In newer Windows implementations, MOM (microsoft Operations Manager) handles DNMP monitoring and alerts without introducing security problems, e.g., fixed loginname parameters of older systems. (there is also SMS)

simple protocol that defines messages related to network management. Through the use of SNMP network devices such as routers can be configured by any host on the LAN.

A set of standards for communication with devices connected to a TCP/IP network.  A network management protocol that collects statistics from devices on TCP/IP networks.  The device loads an agent that collects information and forwards that information to a network management console. You can configure the device with specific threshold parameters.  When those thresholds are exceeded, an alert message is sent to the management console, which then creates a baseline for future reference.
 

The SNMP protocol operates at the application layer (layer 7) of the OSI model. It specified (in version 1) five core protocol data units (PDUs):

  1. GET REQUEST, used to retrieve a piece of management information.

  2. GETNEXT REQUEST, used iteratively to retrieve sequences of management information.

  3. GET RESPONSE

  4. SET, used to make a change to a managed subsystem.

  5. TRAP, used to report an alert or other asynchronous event about a managed subsystem. In SNMPv1, asynchronous event reports are called traps while they are called notifications in later versions of SNMP. In SMIv1 MIB modules, traps are defined using the TRAP-TYPE macro; in SMIv2 MIB modules, traps are defined using the NOTIFICATION-TYPE macro.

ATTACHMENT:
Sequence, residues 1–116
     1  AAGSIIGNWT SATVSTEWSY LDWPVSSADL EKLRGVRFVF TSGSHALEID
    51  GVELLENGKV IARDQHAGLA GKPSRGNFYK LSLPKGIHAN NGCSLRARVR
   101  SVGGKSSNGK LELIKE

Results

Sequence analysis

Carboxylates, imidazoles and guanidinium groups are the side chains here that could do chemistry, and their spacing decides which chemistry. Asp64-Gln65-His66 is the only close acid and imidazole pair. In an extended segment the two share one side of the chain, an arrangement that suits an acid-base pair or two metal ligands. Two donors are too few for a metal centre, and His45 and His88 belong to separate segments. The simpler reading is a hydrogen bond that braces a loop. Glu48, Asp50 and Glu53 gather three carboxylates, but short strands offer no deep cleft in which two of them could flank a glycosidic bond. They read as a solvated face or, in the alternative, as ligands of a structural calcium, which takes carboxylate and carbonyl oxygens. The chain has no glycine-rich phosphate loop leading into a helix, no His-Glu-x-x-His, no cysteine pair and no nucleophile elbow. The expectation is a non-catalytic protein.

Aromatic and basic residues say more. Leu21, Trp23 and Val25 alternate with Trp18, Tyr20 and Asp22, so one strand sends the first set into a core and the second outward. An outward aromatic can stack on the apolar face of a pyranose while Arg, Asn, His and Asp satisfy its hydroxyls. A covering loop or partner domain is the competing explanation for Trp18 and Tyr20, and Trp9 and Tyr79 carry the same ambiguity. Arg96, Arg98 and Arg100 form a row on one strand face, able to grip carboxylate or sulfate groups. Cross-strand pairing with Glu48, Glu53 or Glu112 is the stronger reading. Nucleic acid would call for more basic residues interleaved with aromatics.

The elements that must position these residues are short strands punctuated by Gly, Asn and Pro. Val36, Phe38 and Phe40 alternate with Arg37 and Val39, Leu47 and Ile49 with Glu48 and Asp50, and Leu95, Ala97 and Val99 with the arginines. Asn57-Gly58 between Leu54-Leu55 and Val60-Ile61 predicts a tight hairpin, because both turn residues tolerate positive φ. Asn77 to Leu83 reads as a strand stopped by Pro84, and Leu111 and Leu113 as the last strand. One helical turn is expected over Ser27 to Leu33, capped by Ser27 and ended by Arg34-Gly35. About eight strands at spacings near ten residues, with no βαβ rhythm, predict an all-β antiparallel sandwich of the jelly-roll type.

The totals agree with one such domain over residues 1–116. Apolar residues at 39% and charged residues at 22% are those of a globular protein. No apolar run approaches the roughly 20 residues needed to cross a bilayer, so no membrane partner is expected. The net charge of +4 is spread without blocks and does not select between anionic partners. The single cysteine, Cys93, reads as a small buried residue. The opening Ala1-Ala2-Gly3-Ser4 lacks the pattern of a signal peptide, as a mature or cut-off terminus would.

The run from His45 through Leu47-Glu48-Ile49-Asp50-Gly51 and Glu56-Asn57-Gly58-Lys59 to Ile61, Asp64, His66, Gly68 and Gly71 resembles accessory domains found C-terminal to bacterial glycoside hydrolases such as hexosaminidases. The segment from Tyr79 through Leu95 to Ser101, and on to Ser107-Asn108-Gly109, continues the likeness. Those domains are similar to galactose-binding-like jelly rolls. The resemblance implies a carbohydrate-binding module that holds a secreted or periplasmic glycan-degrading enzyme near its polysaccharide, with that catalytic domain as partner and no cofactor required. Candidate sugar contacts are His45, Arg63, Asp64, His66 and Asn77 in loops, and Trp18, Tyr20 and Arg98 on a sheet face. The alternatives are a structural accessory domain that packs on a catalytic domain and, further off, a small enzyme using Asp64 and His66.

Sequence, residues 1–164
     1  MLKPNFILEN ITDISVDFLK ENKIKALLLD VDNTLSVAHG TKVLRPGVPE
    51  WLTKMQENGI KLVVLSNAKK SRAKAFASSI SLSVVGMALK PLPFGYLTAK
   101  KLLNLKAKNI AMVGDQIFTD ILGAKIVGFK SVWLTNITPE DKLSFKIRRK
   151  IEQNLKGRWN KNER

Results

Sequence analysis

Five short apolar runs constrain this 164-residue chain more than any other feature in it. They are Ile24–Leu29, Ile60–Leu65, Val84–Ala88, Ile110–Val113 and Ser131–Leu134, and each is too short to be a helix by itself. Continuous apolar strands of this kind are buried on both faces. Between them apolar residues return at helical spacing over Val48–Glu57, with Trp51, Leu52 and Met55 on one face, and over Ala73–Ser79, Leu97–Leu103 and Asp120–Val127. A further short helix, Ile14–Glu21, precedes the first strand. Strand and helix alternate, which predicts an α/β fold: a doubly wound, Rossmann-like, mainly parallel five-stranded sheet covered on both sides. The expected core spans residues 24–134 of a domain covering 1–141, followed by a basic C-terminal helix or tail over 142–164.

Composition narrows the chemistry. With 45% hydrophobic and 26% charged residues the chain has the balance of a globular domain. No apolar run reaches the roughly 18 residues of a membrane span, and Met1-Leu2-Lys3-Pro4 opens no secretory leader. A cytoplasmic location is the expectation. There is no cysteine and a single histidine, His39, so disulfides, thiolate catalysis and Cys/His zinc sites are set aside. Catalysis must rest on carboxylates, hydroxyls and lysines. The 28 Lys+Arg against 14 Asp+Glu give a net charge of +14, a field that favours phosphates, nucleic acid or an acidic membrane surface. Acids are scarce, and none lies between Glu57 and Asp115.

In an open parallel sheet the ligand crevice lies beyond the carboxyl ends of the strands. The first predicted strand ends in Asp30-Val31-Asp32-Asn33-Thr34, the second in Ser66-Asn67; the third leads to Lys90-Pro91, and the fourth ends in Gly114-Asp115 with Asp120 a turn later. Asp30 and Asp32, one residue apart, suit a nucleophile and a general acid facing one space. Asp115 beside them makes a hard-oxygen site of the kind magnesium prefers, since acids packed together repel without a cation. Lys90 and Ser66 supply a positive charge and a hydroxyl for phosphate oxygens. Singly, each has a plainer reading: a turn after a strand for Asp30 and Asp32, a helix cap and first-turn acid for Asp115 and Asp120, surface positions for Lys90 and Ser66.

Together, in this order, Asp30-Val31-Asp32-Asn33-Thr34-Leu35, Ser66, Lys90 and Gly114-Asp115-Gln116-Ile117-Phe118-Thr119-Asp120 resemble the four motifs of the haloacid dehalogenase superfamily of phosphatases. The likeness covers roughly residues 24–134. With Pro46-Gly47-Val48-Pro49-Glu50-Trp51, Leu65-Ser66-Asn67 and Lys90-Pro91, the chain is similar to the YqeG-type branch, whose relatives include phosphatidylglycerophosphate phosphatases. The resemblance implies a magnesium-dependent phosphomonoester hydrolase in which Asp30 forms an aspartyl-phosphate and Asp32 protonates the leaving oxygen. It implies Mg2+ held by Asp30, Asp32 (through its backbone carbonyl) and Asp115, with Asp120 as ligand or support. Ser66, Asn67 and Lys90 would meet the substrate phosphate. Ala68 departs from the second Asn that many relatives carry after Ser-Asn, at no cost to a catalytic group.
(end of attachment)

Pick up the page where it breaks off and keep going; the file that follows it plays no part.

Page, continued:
Other PDUs were added in later versions, including:

  1. GETBULK REQUEST, a faster iterator used to retrieve sequences of management information.

  2. INFORM, an acknowledged trap.

Typically, SNMP uses UDP ports 161 for the agent and 162 for the manager. The Manager may send Requests from any available port (source port) to port 161 in the agent (destination port). The agent response will be given back to the source port. And the Manager will receive traps on port 162. The agent may generate trap from any available port.
http://en.wikipedia.org/wiki/Snmp

SSL

SECURE SOCKETS LAYER

TCP

ports 21 23 25 80 110 110 220

Transmission  Control  Protocol - port 80 the maximum segment size is 65,495 bytes
Like UDP, a protocol that enables a computer to send data to a remote computer. Unlike UDP, TCP is reliable i.e. packets are guaranteed to wind up at their target, at the correct order.

TCP   is a Transport layer component - TCP is  a connection-oriented protocol that guarantees delivery of the data. It is at  the Transport layer of the TCP/IP protocol suite.  It establishes a virtual network between two computers by setting up end-to-end connections, across all routers in the affected network.   To make a connection between two computers, the sender makes a connection request, which the receiver grants.  It waits for authorization to send data and then checks to make sure that it was delivered in its entirety.  TCP uses IP as the transport mechanism between the host computers

TFTP

Trivial File Transfer Protocol  A connectionless oriented protocol used to transfer files, e.g. BOOTP/TFTP is useful for JetDirect print server configuration.

Telnet  
 port 23

Telnet is a terminal emulation protocol, defined in RFC854, for use over a TCP connection. It enables users to login to remote hosts and use their resources from the local host. Novell and Win NT do not support port 23 connections for terminal emulation

UDP

ports 15  21 23 24  53  69  80  100 119  137  138  220